6 reasons why the EMA should come to Brussels

The European Commission is due to publish on the 30th of September an assessment of the offers received from cities to host the European Banking Authority (EBA) and the European Medicines Agency (EMA). The two agencies are to be relocated in the context of the UK leaving the EU in March 2019.

The EMA is an agency with 900 highly skilled and qualified staff tasked with the job of regulating human and animal health medicines sold across the Single Market of the European Union. The pharmaceutical industry works closely with the Agency to ensure that products are safe and effective. It also works closely with the European Commission, giving advice on the licensing of drugs and monitoring the safety of products.

The EBA has about 160 professional staff who supervise the rules, standards and guidelines for EU financial institutions. The agency monitors the national implementation of EU banking rules, and promotes compliance by Member States  with financial regulations. It also conducts stress tests for banks operating in the EU.

The contest in Europe to attract these agencies is intense. There are 19 bids to host the EMA and 8 for the relocation of the EBA. Brussels has submitted bids to host both agencies. The bid to host the EBA is widely viewed as a compromise offer to balance between the two strong contending candidacies of Frankfurt and Paris; but it is nonetheless a strong offer that is highly competitive and stands on its own merits.

Details of all offers are available on the website of the European Council. The General Affairs Council will discuss the Commission’s assessment at their meeting on the 17th of October, and a final decision will be taken by the EU 27 member states (excluding the UK) by secret ballot on 20th November with each member state having equal votes.

According to the procedure agreed by the Council, the offers will be assessed on the basis of six criteria:

  1. Guarantees that the agency will be operational when the UK leaves the EU
  2. Accessibility of the location
  3. Schools for the children of the staff
  4. Access to the labour market and health care for the employees’ families
  5. Business continuity
  6. Geographical spread

It can be argued that the question of geographical spread should not strictly be a relevant consideration; it merely pays lip service to the time honoured EU tradition of “sharing out the cake” and achieving a consensus, to ensure that every member is satisfied.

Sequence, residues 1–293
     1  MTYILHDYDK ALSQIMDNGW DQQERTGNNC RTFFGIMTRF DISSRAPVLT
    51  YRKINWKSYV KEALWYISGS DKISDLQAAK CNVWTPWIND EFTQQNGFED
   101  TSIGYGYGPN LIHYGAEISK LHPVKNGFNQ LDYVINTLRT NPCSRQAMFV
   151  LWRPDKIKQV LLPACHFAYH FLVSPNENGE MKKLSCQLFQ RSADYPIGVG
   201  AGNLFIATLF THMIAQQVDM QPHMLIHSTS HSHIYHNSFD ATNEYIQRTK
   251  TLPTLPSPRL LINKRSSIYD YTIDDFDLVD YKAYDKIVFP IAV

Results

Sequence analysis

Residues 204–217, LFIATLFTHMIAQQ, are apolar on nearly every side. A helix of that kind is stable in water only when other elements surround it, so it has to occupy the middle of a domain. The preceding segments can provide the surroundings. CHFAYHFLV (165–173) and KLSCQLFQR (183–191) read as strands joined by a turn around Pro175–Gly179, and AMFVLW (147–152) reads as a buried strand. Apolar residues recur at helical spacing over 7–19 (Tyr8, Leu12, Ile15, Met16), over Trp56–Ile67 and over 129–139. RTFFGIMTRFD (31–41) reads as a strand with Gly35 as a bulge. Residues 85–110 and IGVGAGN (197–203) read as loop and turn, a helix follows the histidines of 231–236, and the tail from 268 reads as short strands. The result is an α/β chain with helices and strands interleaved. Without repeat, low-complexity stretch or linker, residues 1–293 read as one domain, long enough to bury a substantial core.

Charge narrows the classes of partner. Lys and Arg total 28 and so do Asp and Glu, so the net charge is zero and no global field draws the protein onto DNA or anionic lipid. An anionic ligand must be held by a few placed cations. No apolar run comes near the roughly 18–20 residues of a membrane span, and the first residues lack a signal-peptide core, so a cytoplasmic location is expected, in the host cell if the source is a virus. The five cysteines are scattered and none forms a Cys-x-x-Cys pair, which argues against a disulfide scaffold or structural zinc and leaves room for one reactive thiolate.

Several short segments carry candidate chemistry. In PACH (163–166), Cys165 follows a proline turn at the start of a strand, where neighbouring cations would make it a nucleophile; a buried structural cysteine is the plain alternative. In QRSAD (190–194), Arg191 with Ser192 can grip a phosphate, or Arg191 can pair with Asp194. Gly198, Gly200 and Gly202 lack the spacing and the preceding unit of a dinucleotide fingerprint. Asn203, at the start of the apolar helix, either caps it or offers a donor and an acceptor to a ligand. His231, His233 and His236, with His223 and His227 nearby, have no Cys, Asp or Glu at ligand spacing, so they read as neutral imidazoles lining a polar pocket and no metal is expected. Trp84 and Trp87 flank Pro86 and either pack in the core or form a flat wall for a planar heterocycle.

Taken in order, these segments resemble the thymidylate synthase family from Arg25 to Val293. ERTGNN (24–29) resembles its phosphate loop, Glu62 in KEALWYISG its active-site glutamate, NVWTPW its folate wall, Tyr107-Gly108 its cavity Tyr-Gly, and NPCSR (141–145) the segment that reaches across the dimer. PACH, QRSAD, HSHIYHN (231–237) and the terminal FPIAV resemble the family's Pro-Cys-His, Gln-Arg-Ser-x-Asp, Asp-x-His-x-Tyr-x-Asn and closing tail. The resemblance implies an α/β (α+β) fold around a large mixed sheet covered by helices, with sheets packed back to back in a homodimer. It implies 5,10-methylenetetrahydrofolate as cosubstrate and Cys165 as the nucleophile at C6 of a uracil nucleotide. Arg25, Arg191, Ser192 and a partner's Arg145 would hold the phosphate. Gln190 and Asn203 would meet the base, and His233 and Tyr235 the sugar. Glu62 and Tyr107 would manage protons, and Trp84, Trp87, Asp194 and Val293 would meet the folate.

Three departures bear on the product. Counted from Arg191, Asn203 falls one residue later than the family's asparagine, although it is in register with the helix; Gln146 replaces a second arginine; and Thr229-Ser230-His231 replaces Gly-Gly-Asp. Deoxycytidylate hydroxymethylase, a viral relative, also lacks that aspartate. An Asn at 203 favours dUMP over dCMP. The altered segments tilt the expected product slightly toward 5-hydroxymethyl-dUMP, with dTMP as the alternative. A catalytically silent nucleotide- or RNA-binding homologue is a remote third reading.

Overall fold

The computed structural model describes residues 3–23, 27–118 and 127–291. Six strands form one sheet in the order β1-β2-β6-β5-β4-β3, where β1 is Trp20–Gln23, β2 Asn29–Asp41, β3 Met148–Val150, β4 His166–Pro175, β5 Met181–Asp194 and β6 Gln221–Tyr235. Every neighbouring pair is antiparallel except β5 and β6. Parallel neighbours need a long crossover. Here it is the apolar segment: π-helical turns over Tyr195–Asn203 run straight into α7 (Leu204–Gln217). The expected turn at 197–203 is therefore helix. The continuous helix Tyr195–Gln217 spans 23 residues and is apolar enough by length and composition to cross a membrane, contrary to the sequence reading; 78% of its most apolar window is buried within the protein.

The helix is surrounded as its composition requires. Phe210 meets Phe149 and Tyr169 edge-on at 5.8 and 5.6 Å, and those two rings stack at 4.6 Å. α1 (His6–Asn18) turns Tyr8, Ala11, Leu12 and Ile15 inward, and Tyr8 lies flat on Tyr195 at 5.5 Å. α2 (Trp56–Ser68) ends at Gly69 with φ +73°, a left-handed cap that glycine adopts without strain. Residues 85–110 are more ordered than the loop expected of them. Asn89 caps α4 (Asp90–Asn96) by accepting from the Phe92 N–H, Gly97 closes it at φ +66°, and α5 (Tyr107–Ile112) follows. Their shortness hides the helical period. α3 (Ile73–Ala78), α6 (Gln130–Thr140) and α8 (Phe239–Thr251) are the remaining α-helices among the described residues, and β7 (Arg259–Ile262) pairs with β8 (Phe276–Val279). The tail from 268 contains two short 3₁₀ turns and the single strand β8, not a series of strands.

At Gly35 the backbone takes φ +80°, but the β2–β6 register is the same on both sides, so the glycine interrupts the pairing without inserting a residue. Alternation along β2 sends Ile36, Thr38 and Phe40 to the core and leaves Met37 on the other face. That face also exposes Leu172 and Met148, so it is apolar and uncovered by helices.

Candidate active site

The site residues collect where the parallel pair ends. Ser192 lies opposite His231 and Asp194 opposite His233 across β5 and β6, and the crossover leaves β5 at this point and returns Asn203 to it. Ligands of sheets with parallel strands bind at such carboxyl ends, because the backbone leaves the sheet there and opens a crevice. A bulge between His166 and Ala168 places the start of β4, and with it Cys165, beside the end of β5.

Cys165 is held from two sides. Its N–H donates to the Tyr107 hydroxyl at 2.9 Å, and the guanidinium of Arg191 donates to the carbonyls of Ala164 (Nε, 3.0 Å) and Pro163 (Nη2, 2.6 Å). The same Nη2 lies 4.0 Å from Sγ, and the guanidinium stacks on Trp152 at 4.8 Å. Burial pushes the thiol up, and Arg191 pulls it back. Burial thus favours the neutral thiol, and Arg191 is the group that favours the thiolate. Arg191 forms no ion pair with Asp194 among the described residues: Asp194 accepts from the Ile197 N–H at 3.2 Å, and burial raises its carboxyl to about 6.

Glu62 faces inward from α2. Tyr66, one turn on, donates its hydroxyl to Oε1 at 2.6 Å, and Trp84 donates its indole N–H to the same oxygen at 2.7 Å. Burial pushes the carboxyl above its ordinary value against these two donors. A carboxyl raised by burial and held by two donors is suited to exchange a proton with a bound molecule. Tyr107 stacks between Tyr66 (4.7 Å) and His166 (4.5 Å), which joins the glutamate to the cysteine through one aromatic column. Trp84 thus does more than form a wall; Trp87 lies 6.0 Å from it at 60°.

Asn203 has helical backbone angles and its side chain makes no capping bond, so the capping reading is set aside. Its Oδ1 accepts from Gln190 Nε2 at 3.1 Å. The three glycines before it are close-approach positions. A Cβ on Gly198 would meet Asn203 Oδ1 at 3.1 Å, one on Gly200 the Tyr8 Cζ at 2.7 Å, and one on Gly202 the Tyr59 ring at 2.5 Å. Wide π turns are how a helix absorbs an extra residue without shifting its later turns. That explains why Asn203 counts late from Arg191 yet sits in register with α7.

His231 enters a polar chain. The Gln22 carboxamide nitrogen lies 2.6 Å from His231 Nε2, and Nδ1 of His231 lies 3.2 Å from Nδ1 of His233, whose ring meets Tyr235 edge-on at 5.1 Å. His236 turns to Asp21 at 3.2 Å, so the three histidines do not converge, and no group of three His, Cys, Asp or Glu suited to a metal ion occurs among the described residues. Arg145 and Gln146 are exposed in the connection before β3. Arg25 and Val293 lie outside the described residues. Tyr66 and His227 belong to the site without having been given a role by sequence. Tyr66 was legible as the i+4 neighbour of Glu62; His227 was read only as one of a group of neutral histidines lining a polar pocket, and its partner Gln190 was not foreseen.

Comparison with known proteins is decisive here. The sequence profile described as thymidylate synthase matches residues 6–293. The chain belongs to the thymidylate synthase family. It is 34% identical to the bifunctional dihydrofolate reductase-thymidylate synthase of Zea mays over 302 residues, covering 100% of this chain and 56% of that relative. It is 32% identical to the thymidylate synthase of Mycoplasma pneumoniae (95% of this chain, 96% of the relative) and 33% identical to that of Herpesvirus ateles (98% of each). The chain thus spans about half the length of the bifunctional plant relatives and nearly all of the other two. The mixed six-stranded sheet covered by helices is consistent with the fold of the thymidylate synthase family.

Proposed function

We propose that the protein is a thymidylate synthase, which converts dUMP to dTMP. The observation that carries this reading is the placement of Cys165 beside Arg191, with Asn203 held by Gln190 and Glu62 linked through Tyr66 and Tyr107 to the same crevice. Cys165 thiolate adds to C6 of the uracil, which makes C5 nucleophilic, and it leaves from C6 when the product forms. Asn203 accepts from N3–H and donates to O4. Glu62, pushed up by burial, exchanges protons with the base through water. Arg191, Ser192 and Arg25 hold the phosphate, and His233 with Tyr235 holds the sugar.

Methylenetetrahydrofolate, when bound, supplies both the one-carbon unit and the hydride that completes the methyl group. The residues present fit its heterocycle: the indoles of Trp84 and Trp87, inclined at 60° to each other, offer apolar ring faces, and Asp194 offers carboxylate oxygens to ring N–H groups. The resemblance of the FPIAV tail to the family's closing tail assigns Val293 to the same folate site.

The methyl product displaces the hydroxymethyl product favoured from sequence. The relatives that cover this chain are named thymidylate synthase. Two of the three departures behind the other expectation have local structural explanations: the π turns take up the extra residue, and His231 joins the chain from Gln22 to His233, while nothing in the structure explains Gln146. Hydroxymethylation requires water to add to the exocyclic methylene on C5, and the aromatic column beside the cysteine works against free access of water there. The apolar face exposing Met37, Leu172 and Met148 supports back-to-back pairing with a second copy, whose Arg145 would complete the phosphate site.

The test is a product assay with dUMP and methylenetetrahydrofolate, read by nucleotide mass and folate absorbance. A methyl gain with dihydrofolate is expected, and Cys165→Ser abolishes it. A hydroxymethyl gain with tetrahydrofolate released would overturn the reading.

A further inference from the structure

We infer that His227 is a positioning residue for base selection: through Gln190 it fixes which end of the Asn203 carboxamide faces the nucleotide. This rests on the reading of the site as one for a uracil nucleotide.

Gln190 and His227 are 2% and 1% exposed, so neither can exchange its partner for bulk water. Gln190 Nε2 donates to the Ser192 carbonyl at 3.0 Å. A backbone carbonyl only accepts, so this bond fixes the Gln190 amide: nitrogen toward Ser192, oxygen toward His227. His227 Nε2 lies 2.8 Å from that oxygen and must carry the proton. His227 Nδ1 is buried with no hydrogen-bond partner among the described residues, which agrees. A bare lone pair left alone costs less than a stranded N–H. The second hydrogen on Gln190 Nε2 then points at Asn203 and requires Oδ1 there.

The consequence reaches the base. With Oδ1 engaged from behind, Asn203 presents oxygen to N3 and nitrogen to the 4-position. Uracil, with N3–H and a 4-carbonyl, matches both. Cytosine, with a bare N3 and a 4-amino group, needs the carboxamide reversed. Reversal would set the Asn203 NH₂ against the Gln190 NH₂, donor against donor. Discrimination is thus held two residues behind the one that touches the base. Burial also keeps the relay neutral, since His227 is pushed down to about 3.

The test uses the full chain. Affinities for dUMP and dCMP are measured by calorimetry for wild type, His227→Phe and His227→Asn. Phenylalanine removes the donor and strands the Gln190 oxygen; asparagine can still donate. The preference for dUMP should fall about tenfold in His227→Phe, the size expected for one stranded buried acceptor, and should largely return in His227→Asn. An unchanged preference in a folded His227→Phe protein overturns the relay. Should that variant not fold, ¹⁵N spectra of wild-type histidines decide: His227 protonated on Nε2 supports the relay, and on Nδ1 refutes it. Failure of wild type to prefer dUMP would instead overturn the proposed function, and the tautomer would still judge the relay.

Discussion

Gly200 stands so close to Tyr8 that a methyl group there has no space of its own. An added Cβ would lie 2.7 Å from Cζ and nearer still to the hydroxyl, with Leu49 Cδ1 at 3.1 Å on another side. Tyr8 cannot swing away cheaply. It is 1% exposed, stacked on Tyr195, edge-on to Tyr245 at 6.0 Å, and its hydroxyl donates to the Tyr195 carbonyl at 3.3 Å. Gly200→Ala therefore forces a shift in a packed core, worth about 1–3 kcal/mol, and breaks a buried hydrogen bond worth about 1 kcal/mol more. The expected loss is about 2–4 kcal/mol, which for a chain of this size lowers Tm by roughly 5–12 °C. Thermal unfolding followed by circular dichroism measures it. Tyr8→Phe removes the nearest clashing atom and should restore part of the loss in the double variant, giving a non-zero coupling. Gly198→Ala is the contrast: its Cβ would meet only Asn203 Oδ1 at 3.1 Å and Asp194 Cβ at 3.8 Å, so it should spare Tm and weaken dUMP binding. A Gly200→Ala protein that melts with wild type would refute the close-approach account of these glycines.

In the lobbying for the competition to win the Council’s decision, already complaints have been raised that Belgium hosts too many EU institutions. But it must be remembered that there are efficiencies of scale and important cost reductions to be gained by centralising certain operations, and we should not dismiss the disadvantages of dissipating efforts and inflating travel costs through the needless scattering of institutions across the European Union. To be utterly pragmatic, the unusual circumstances of the hurried relocation of these agencies calls for decisions to be based on an objective analysis of the quality of the bids, on their cost-effectiveness, operational efficiency and not on political expediency.

Nothing has been agreed yet about who should bear the cost of relocation, nor about giving the staff of the agencies a say in the choice of relocation. There is a particular issue with the expensive lease conditions of the office accommodation in East London currently occupied by the EMA. But clearly, any decision must be weighted strongly in favour of the choice of destination for relocation that will maximise staff retention in order to ensure continuity, and to minimise both operational disruption and inconvenience.

The Belgian bid for the EMA  lists 5 reasons why Brussels should host the agency:

  1. Brussels offers a smooth transition from London
  2. Brussels enjoys a central European location and prime infrastructure
  3. Belgium has a world class research and development environment
  4. Belgium has an unrivalled Life Science Industry
  5. Brussels has a famously excellent Quality of Life

To this list I would add a sixth, which is the talent pool of Belgium’s multicultural, tolerant, liberal and polyglot community; Belgium is an excellent country in which to bring up a multinational family, and where children feel comfortable in finding that they are in the majority when they have parents who speak different mother tongue languages. Any agency recruiting staff in Belgium will have no difficulty in attracting a wealth of well educated and highly qualified international cosmopolitan personnel in this city.